Dose ExpansionExperimentalAn independent cohort of 36 post-treatment patients with breast, prostate, or colorectal cancer (n=12 per type) and detectable ctDNA. This cohort expansion trial will only evaluate the RP2D identified in the phase 1a trial. The primary objective of this phase 1b trial is to further evaluate the feasibility, safety, and biological activity of the RP2D.

      Eligibility Criteria

              Inclusion Criteria:
      
                -  Postsurgical diagnosis of stage 1-3 breast, prostate, or colorectal cancer
      
                -  No evidence of disease as per standard imaging
      
                -  Age ≥ 18
      
                -  Detectable ctDNA
      
                -  Interval of ≥ 6 months but ≤ 10 years following completion of all therapy (patients
                   currently on hormonal therapy for at least one year are eligible)
      
                -  Access and sufficient quantity of banked formalin-fixed or frozen primary tumor tissue
                   (to profile tumor somatic mutation landscape)
      
                -  Non-exercising (i.e., ≤ 60 mins of moderate or vigorous exercise/wk, as assessed by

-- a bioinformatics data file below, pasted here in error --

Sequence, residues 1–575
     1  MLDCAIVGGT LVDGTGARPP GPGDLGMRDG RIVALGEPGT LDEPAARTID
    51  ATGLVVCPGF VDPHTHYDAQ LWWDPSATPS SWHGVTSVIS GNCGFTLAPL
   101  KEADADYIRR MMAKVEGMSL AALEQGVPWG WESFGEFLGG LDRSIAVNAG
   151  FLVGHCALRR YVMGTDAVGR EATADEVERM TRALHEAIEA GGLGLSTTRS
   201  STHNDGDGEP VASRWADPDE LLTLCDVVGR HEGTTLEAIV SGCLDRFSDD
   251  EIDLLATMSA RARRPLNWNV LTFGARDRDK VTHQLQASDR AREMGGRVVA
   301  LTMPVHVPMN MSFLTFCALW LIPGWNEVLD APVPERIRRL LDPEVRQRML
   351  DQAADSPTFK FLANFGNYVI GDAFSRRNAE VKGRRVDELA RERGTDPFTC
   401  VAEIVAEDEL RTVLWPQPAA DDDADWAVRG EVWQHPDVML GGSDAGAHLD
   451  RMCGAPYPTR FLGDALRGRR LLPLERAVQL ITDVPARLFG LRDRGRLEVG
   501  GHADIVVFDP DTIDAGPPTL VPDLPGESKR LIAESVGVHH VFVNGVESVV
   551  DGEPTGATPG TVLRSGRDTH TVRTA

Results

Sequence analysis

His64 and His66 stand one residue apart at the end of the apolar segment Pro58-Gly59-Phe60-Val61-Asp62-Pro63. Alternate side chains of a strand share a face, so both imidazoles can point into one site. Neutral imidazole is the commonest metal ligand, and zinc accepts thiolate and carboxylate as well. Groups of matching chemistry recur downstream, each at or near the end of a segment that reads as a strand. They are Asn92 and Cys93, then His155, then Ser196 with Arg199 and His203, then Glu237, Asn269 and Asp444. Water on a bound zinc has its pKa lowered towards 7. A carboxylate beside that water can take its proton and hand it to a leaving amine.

remote activity and heart rate tracking for a 7-day period prior to plasma analysis of
                   ctDNA)
      
                -  Cleared for exercise participation as per screening clearance via PAR-Q+
      
              Exclusion Criteria:
      
                -  Use of any selective estrogen receptor modulator or aromatase inhibitor within 3
                   months of study entry
      
                -  Enrollment onto any other interventional investigational study
      
                -  Men receiving GNRH agonists and antagonists as well as any antiandrogens
      
                -  Any other current diagnosis of invasive cancer of any kind
      
                -  Distant metastatic malignancy of any kind
      
                -  Type 2 diabetes
      
                -  Any other condition or intercurrent illness that, in the opinion of the investigator,
                   makes the subject a poor candidate for study participation
            
      Maximum Eligible Age:N/A
      Minimum Eligible Age:18 Years
      Eligible Gender:All
      Healthy Volunteers:No

      Primary Outcome Measures

      Measure:Identify the recommended phase 2 dose (RP2D) of exercise for testing in the phase 1b.
      Time Frame:24 weeks
      Safety Issue:
      Description:Using an adaptive phase 1 (non-randomized) design, non-exercising (i.e., <60 mins/wk of moderate or vigorous exercise) post-treatment patients with primary breast, prostate, or colorectal cancer and detectable ctDNA (n=50) will be administered one of five escalating dose levels.

      Details

      Phase:N/A
      Primary Purpose:Interventional
      Overall Status:Recruiting
      Lead Sponsor:Memorial Sloan Kettering Cancer Center

      Trial Keywords

      • Breast Cancer
      • Prostate Cancer
      • Colorectal Cancer
      • exercise
      • ctDNA
      • 20-378
      • Memorial Sloan Kettering Cancer Center

      Last Updated

      October 9, 2020